BUDDHIST RELATIVITY

Now then, he says,
and at once he is again
victim of the confusion
that he spreads in his wake.
She takes him to task again,
but he protests that what
was now is clearly then, now,
and this now, too, is now then,
for each now is gone in the time
it takes to recognize it as now.
Now is always then, he says,
as he quickly walks off
in each of the ten directions.

THE GIRL COMES OUT 無門關 四十二

She sits undisturbed
Shakyamuni by her side.
You can wave at her, she
will pay you no mind.

You cannot grasp her mind
and maintain a hold
on your own, you will grow
deaf from the chatter
but a child can curl
at her feet and she
will stroke his forehead
in perfect Samadhi.


A reflection on Case 42 of the Mumonkan (Gateless Gate)

TAI YRA MANO MOTINA (THIS IS MY MOTHER)

It’s odd how your stature
has grown as I dream of you
occasionally staring at
your yearbook picture.
It was only four years ago
that I knew you existed, but
hadn’t the faintest idea of who
you were, anything about your life,
why you gave me up, and, therefore
who it was I might have been.
Now you are a selfless icon, caring
more for siblings who needed education,
at the immediate cost of your own,
a child who needed two parents
in a world that frowned deeply
on anything less than a pair.
Someday soon, I will visit your grave,
place a small stone upon your stone,
and a kiss, the closest
I can ever hope, ever dream
to coming to the face of my mother.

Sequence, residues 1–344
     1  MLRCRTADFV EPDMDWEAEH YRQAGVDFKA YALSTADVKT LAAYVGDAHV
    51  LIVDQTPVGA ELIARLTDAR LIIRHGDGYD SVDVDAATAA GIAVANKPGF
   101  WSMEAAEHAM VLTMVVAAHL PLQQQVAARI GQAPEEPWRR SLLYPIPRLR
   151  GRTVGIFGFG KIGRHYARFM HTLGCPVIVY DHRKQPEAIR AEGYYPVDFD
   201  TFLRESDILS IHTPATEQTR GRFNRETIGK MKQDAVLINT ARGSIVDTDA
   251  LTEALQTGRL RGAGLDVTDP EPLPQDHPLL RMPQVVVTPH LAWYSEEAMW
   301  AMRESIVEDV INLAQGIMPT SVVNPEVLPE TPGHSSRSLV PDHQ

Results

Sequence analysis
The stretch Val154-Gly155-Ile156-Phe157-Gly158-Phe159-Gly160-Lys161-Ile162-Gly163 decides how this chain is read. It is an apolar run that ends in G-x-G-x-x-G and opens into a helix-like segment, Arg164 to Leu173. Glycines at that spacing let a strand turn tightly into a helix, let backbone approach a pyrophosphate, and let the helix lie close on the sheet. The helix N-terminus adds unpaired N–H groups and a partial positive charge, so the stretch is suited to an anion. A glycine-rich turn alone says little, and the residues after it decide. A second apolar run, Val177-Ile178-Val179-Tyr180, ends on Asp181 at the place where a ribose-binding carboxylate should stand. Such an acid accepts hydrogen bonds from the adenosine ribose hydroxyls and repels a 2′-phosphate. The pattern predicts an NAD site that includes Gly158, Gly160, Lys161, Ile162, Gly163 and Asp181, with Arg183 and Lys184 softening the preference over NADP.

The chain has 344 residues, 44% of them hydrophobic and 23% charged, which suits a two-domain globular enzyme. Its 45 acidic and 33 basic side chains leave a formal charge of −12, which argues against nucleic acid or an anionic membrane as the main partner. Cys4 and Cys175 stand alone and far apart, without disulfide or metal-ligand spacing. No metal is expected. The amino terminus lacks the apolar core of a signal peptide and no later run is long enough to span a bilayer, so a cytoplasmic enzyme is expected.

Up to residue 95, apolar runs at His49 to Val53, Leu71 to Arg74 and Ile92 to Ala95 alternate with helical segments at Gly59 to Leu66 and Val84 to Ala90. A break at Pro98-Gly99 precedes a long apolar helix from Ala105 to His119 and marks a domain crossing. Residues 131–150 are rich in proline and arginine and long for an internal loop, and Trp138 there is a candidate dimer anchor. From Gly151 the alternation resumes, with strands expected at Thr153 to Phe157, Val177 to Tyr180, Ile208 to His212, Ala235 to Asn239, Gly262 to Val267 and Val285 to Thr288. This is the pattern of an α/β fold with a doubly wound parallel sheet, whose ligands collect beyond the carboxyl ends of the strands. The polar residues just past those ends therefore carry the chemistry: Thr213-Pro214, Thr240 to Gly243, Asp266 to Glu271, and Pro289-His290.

LIVING

They sit in a small wine bar
on an out-of-the-way street
in an out-of-the-way city, she
sipping a Oregon Pinot Noir
while he is on his second
Alsatian Pinot Gris.
She asks him if he
ever thinks about death.
He peers into his wine glass,
than at her and smiles
a gentle smile, “I don’t,”
he says, “because I
have died too often already.”
She looks at him quizzically,
“What do you mean?”
“Simply that every moment
spent thinking about death
is a moment of death itself,
for I most certainly
stop living during that
contemplation, and I
prefer life in the moment
to death in the same moment,
because we both know
it will arrive sooner
than we desire or imagine.”

TURNING

He says, “I’ve run out of cheeks,
my own family has used up so many
and there are so few left,
I save them to have one to turn
when someone sincerely and truly atones.”

“I suppose,” she says, “there is
some logic to that.”

“Not at all,” he replies,
“for if someone truly atones,
if the apology is honest and heartfelt
there is no need for a cheek to turn,
the wrong is righted, the wound healed.”

She laughs in agreement, adding,
“You only turn a cheek when
you expect another wound,
and a wise man once said
if they keep hitting you,
get out of the ring.”